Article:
When perceiving the objects that surround us, we attend to their different properties, such as their size, color, or form. Although it may not seem obvious at first, we also look at other properties that are fundamental to our interaction with them and are related to our bodily abilities. For example, when perceiving an everyday object (such as a cup, for example) we attend to its color or size, but we also directly perceive what we can do with that object (if we can grab it or throw it).
Ecological psychology: what it is
Such properties were defined as ‘affordances’ or possibilities for action and were scientifically studied by the American psychologist J. J. Gibson. Gibson developed a whole scientific discipline that had the objective of studying the perception and use of the affordances of our surroundings, and he called this discipline ecological psychology. Hence, affordances are the opportunities for action present in our environment and the main object of study of ecological psychology.
Besides being a new object of perception in the study of our psychology, ecological psychology is a discipline whose theoretical principles challenge traditional cognitive science. Traditional cognitive science was based on the idea that the mind worked in a similar way to a computer, where the mental aspect was defined by the processing of information that occurred in our brains. In this image of the mental aspect perception was relegated to being a mere passive process separate from action and the action was simply a reaction driven by brain processing. Thus, cognition was purely processing information at the brain level in order to form representations of the external world.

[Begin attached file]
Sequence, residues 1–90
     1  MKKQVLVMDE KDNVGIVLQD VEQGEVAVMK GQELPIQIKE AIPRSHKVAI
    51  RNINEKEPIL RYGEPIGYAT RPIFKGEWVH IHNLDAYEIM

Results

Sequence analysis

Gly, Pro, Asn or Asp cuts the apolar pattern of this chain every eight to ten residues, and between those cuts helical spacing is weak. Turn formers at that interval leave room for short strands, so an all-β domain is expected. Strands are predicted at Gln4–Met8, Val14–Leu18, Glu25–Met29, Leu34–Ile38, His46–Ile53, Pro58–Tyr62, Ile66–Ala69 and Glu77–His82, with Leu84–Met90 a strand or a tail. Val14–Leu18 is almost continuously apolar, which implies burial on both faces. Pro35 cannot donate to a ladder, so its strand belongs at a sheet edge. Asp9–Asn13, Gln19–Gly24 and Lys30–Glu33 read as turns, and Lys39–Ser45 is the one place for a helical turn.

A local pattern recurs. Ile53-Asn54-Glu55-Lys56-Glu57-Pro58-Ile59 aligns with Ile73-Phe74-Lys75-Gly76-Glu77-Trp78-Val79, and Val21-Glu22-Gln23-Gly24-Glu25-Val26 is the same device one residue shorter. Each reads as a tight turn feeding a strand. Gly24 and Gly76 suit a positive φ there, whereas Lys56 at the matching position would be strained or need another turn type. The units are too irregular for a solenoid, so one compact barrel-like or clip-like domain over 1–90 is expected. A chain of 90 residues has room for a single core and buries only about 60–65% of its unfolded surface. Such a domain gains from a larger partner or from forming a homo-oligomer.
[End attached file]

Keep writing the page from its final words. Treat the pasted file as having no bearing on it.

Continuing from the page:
How do we know our environment?
Conversely, ecological psychology believes that this computer metaphor is not a good explanation of how we know our environment. Instead of making internal copies of our environment and acting according to them, as if we were a computer, what we do is actively explore our environment to find elements that guide us in performing one action or another. This is how all animals act. These elements that guide us when carrying out certain actions are a type of special information, known as ecological information. This information we detect is specific information to perform certain actions and that arises from the combination between our activity and the elements of the environment. By detecting this information in, for example, our visual field, its very detection already shows us what actions we can take. For example, if when running we see that an object is gradually approaching because it expands in the center of our visual field (thanks to the ecological informational variable known as ‘contact time’), right at that time we directly perceive what actions we can do (dodge, grab, jump, or even collide with it).
Those actions that we can carry out are the affordances that are offered to us in that situation. This means that we directly perceive the affordances that surround us without the need to resort to brain processes of processing information or mental representations: we find everything we need to know to explain our actions in analyzing the dynamic relationship between our exploratory activity as an organism and the elements of the environment, and it is on this scale (the ecological scale, the level of interaction between organism and environment) where we can find a more embodied, localized, temporal and natural explanation of how we perceive and act, without the need to postulate internal elements as mental representations.
Universidad Alberto Hurtado (Chile)
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